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Home / India / ULFA now left with just five leaders

ULFA now left with just five leaders

The United Liberation Front of Asom is now left with just five top leaders to run the separatist campaign.

india Updated: Sep 20, 2007, 12:23 IST
Syed Zarir Hussain
Syed Zarir Hussain

Cracks are beginning to appear in the organisational structure of the outlawed United Liberation Front of Asom (ULFA) with the rebel group now left with just five top leaders to run the separatist campaign.

"The ULFA's core team leaders are either in jails or have surrendered. Today there are just five leaders in the field - chairman Arabinda Rajkhowa, commander-in-chief Paresh Baruah, deputy commander-in-chief Raju Baruah, foreign secretary Sasha Choudhury, and finance secretary-cum-general secretary in-charge Chitraban Hazarika," said Assam police intelligence chief Khagen Sharma.

The ULFA, fighting for an independent homeland in Assam since 1979, has suffered a major setback in the last three days - on Monday, 45-year-old Prabal Neog, one of the group's topmost commanders leading the crack 28 battalion, was arrested during a routine highway check in Tezpur, about 180 km north of here.

A day later, Lohit Duara, a sergeant major of the same unit, surrendered to the police in eastern Assam's Jorhat district.

"The arrest of Neog, the commander of the 28 battalion, was a massive blow and would surely weaken the ULFA's activities in eastern Assam. Neog was one of the best organisers of the outfit," Sharma told IANS.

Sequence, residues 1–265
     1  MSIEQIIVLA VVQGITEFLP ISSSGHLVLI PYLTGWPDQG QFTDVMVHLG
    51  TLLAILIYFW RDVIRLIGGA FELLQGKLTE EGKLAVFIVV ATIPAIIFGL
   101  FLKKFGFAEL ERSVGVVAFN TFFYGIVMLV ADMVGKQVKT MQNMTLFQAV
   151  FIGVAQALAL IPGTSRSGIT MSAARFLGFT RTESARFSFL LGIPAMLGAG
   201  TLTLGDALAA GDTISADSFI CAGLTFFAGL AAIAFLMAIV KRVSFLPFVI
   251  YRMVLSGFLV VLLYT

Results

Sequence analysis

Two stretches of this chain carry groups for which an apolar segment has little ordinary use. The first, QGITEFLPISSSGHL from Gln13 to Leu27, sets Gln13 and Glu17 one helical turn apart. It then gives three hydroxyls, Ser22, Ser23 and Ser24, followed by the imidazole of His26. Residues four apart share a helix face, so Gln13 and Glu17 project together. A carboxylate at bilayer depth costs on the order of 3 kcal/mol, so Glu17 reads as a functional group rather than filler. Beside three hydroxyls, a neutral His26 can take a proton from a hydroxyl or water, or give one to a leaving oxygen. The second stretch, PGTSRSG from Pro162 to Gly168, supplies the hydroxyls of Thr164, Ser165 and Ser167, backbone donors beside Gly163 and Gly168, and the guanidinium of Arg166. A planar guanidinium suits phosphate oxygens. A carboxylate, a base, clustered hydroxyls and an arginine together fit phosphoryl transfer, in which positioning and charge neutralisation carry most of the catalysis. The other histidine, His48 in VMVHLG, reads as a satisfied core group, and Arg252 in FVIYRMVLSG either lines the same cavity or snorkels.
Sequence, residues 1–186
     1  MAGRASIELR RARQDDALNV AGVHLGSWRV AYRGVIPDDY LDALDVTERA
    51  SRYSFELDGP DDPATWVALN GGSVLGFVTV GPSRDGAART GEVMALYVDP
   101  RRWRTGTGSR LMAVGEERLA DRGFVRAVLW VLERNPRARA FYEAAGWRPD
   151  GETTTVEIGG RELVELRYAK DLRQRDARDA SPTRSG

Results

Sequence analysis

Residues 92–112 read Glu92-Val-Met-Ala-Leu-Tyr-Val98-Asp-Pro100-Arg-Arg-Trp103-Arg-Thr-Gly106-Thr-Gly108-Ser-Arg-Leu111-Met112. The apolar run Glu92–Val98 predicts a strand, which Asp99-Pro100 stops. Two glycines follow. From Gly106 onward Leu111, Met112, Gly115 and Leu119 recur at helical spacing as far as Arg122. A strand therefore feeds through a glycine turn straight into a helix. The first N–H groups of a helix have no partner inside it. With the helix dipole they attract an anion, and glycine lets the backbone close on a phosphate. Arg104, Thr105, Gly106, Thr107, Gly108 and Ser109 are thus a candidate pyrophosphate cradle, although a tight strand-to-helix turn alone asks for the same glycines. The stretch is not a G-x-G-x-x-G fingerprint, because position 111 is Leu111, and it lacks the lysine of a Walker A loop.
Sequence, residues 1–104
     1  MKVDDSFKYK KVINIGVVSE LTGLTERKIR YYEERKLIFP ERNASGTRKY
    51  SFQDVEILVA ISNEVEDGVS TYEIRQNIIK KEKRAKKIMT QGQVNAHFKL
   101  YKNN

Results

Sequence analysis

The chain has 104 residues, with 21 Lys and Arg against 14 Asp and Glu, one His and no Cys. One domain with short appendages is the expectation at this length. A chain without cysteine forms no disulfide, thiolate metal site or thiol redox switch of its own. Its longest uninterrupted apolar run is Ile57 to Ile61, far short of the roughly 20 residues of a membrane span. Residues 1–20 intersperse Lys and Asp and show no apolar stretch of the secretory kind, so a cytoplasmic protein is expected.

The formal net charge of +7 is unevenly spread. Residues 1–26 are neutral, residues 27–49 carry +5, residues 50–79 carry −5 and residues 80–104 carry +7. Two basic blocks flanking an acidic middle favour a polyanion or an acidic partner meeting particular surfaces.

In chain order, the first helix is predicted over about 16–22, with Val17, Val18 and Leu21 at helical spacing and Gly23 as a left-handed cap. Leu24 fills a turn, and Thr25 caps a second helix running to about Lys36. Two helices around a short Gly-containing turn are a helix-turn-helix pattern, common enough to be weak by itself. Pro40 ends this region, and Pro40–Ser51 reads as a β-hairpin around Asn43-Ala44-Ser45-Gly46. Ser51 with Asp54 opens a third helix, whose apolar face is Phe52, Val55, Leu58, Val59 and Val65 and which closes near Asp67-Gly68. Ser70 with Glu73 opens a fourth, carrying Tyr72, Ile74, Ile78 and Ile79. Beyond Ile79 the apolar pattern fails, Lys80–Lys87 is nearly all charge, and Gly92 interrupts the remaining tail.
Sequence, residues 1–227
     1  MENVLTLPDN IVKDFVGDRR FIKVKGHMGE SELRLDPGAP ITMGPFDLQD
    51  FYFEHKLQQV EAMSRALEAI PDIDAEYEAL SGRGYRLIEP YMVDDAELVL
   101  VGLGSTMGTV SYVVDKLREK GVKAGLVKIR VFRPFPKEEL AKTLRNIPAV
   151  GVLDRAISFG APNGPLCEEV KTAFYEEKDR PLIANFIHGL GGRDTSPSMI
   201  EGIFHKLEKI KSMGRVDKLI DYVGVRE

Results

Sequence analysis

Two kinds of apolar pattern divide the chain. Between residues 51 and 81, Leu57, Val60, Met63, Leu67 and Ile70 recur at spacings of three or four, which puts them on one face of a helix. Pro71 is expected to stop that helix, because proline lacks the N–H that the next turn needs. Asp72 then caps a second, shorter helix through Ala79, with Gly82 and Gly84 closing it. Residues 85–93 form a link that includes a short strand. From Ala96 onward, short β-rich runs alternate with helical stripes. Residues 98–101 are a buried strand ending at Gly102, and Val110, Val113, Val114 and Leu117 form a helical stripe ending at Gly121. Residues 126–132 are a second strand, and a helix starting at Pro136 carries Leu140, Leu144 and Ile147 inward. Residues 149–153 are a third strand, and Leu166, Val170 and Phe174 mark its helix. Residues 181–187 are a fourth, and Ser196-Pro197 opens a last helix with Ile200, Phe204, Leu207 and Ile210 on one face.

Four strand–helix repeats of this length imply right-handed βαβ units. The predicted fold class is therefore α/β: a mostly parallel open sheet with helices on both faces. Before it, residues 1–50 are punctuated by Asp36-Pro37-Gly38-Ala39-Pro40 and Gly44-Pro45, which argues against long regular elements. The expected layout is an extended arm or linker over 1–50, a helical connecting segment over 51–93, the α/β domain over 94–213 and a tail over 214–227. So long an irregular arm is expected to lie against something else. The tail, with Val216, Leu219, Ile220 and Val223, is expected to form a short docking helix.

The other top leader Duara has reportedly told police interrogators after surrendering that there was growing "disillusionment" among the ranks over the functioning of the outfit.

"Duara surrendered out of frustration and he was among the saner members within the group. He said the lack of interest for holding peace talks by the top leadership led to cracks within the group," the intelligence chief said.

The 28th battalion is ULFA's most potent fighting unit operating from bases in Myanmar as well as from within eastern Assam with the unit responsible for the massacre of nearly 150 Hindi-speaking migrant workers since last year.

"Now with the outfit suffering heavy reverses in recent days, there is no alternative left but to retaliate and carry out violent attacks to make their presence felt. We have already sent out an alert about possible strikes by the ULFA," Sharma said.

ULFA vice chairman Pradip Gogoi, founding member and ideologue Bhimakanta Buragohain, publicity chief Mithinga Daimary, assistant secretary Bolin Das and cultural secretary Pranati Deka are in different jails in Assam.

The outfit's general secretary Anup Chetia is under detention in Bangladesh after being arrested on Dec 21, 1997.

According to various estimates, the ULFA now has some 900 to 1,200 cadres - most of them fresh recruits.

"Launching attacks using hired bombers and targeting civilians cannot be a yardstick for measuring the strength of any outfit. Today, ULFA has transformed itself into a terrorist group leading to disenchantment among the rank and file," the police official said.

The ULFA was blamed for a string of attacks in January that killed about 80 people, 61 of them Hindi-speaking migrant workers.

New Delhi launched a massive military offensive against the ULFA after the strikes, killing more than 65 rebels and arresting close to 650 more cadres since January.

A fragile peace process between the central government and ULFA representatives collapsed in September last year with New Delhi accusing the rebel group of stepping up violence and extortion in Assam.

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